Dozens of residents sat tensely before the Hermosa Beach City Council in a meeting at City Hall on Tuesday night to protest the number of tattoo parlors planning to open in town.
After listening to residents' concerns, the council unanimously agreed to direct the to review city code that specifically addresses tattoo establishments.
The U.S. 9th Circuit Court of Appeals ruled in September that tattooing is a form of expression protected by the First Amendment.
The court decision required that Hermosa Beach overturn its ban on such businesses—and now some locals are not happy with the result, staging a war against tattoo design within city limits.
Residents first expressed concern to the City Council on March 8 about what they saw as a recent proliferation of tattoo studios in Hermosa Beach.
Since then, residents have formed a Facebook group, Twitter account and online petition to "keep tattoo parlors away from our Hermosa Beach schools, playgrounds and neighborhoods," the petition reads. The petition also lists that there could soon be a total of six tattoo parlors in town at the following sites:
- Hermosa Tattoo Co. on Pier Plaza is licensed and open;
- Eighth Street and Hermosa Avenue is licensed with an under construction logo;
- Third Street and Pacific Coast Highway is licensed and reported to be coming soon;
- Aviation Boulevard and 10th Street is licensed and reported to be coming soon;
- PCH near Artesia Boulevard is reported to be coming soon;
- Hermosa Avenue near 16th Street is reported to be coming soon.
As of noon Wednesday, the petition had 262 signatures.
The group that gathered at the City Council meeting Tuesday criticized the council for not keeping residents better informed about the city’s decision to allow tattoo parlors in the downtown and PCH-Aviation areas.
If local families had known when the council planned to change its complete ban on tattooing last year, they would have protested then, some residents said.
"You need to give people who are residents of this community adequate time to respond," said Carolyn Petty, who lives in town but added that she has considered moving next door to Manhattan Beach.
Other protesters asked the council to listen to their concerns now, and adopt tighter restrictions for tattoo businesses by requiring conditional-use permits that would ensure, among other things, that tattoo studios don’t stay open later than a certain hour.
Hany Fangary, who lives on the Strand, wrote a letter to City Manager Steve Burrell last week requesting that the City Council "immediately adopt a moratorium on permitting any new tattoo parlors" in Hermosa.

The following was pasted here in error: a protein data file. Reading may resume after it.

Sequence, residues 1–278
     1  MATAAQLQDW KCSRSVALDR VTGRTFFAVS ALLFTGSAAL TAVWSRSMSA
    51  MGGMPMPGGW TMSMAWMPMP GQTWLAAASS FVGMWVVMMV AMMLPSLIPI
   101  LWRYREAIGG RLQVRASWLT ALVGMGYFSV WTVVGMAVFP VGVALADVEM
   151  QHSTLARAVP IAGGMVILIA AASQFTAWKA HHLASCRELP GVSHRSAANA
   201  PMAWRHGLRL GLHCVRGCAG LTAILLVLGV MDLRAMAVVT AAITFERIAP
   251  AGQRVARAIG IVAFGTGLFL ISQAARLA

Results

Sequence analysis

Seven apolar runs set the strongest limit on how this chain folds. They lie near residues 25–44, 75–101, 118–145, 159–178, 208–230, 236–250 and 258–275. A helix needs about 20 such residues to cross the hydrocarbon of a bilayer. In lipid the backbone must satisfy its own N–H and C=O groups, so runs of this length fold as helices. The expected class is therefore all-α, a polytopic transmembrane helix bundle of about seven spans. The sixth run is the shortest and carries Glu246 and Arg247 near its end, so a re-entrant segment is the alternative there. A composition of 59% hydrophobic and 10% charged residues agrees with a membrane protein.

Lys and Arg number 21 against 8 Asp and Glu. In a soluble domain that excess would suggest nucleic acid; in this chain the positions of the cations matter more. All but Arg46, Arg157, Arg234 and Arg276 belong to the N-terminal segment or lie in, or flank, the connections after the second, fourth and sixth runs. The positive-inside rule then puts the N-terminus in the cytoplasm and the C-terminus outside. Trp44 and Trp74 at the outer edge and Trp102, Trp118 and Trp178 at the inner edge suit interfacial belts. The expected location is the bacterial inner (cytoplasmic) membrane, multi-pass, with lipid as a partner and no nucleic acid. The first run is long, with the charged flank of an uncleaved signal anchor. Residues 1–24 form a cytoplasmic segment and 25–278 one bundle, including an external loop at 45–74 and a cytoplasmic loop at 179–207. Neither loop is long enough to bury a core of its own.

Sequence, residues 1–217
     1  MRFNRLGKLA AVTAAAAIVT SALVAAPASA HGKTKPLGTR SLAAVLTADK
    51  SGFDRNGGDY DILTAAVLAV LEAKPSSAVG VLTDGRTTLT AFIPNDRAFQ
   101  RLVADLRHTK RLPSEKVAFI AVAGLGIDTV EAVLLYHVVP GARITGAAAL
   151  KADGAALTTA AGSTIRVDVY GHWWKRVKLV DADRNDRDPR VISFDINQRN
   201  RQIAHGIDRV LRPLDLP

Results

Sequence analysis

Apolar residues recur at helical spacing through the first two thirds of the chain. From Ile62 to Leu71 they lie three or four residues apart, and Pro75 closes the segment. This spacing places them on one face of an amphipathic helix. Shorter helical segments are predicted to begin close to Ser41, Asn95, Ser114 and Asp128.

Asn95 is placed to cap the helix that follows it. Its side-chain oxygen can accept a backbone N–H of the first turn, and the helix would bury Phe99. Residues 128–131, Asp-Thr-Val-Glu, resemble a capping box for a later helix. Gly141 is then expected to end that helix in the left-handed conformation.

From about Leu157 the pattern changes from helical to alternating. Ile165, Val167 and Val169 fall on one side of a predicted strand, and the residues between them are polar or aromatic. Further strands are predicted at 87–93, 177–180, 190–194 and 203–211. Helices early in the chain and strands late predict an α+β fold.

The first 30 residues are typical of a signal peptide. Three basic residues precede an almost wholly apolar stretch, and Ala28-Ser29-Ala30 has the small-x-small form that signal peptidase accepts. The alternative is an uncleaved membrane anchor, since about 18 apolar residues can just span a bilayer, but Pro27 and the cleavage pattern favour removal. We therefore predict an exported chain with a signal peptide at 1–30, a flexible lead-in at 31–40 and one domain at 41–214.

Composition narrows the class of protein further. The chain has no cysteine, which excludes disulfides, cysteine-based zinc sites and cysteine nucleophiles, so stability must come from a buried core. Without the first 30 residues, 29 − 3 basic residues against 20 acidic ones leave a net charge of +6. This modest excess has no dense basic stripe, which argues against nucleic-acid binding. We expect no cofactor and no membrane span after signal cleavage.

Fangary also spoke before the panel Tuesday, reading parts of his letter aloud and requesting that studies, evaluations and reports be conducted so the council can review and adopt appropriate "time, place and manner" restrictions on tattoo parlors.
The council decision to send this issue to the Planning Commission reflects "an important part of dialogue," said City Councilman Jeff Duclos at the council meeting.
Mayor Peter Tucker served on the Planning Commission 16 years ago and voted against tattoo shops when the subject arose then, he said.
"It has been a long process," he said.
But many council members were concerned about spending more time and resources on this issue.
"What concerns me is that in doing this we set a ridiculously false expectation that somehow there’s not going to be parlors here or within 250 feet of somebody’s home," said City Councilman Michael DiVirgilio.
Earlier in the council meeting, Hermosa Beach resident Greg Maffei questioned whether the council would acknowledge that mistakes were made when handling this issue.
"I don’t mind addressing this mistake. It was the single worst vote I’ve made on this council… back in 2007," DiVirgilio said.
In 2007, tattoo artist Johnny Anderson sued the city after he was denied a permit to open a tattoo studio near PCH and Aviation, sparking years of litigation that led to the 9th Circuit Court of Appeals requiring Hermosa Beach to overturn its prohibition on tattoo parlors.
"[The city] thinks it's going to attract the wrong element into their city, the undesirables," Anderson told Patch in an interview before the court decision. "Tattoos are not just for sailors and fallen women. The class of people they're worried about can't afford the going rate."
Anderson charges $150 an hour, within the range of industry standard, and added that tattooing is a form of service and work of art.
"I feel confident that we have exhausted our options in terms of establishing the zoning for this, but we have options moving forward in terms of enforcing," Councilman DiVirgilio said Tuesday. "If this brings certain mayhem to the area, we’ll then have evidence to then tighten the code."
Council members Kit Bobko and Howard Fishman agreed.
"The route to this is not to tempt fate with more litigation, but is to enforce the ordinance we have and to proceed," Bobko said. "I think that the 9th Circuit has boxed us in… but as bad as it might be, it could be worse."
"Nobody wants tattoo parlors next to their homes, or some say in the city itself, but that ship has sailed, according to the court," Fishman added.
Earlier coverage of the Anderson vs. City of Hermosa Beach lawsuit, and City Council decisions, on Hermosa Beach Patch: